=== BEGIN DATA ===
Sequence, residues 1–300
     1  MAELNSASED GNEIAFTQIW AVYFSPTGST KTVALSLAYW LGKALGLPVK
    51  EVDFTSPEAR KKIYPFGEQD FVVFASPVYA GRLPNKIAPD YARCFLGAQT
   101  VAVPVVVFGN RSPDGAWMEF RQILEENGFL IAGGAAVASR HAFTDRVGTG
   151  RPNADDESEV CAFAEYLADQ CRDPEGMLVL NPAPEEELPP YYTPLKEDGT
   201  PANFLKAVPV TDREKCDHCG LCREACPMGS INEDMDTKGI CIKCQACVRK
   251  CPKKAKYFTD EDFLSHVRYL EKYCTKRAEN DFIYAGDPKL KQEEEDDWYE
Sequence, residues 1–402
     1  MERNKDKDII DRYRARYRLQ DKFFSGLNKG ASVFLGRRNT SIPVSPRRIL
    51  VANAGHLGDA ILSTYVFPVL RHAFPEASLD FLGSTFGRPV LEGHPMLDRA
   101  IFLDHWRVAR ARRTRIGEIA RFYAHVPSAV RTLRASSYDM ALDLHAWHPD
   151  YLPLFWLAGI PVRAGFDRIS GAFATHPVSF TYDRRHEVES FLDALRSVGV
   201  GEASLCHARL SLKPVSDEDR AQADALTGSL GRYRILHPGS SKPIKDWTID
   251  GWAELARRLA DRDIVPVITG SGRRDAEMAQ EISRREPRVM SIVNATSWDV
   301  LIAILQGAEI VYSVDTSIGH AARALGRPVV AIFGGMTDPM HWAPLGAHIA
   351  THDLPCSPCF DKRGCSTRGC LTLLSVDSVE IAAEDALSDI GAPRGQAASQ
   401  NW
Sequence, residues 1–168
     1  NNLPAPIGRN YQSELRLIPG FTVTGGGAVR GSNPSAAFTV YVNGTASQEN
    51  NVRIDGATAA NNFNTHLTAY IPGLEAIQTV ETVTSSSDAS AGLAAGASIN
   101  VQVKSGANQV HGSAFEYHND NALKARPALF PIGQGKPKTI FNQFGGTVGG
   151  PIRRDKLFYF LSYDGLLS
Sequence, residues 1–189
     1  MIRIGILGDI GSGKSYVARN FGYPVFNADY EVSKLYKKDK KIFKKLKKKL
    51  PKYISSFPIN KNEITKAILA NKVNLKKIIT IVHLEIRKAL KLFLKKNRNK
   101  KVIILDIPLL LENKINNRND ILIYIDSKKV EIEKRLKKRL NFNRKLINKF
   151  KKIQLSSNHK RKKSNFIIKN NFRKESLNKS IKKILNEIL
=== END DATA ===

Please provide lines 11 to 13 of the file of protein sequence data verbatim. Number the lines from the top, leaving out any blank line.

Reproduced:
   101  IFLDHWRVAR ARRTRIGEIA RFYAHVPSAV RTLRASSYDM ALDLHAWHPD
   151  YLPLFWLAGI PVRAGFDRIS GAFATHPVSF TYDRRHEVES FLDALRSVGV
   201  GEASLCHARL SLKPVSDEDR AQADALTGSL GRYRILHPGS SKPIKDWTID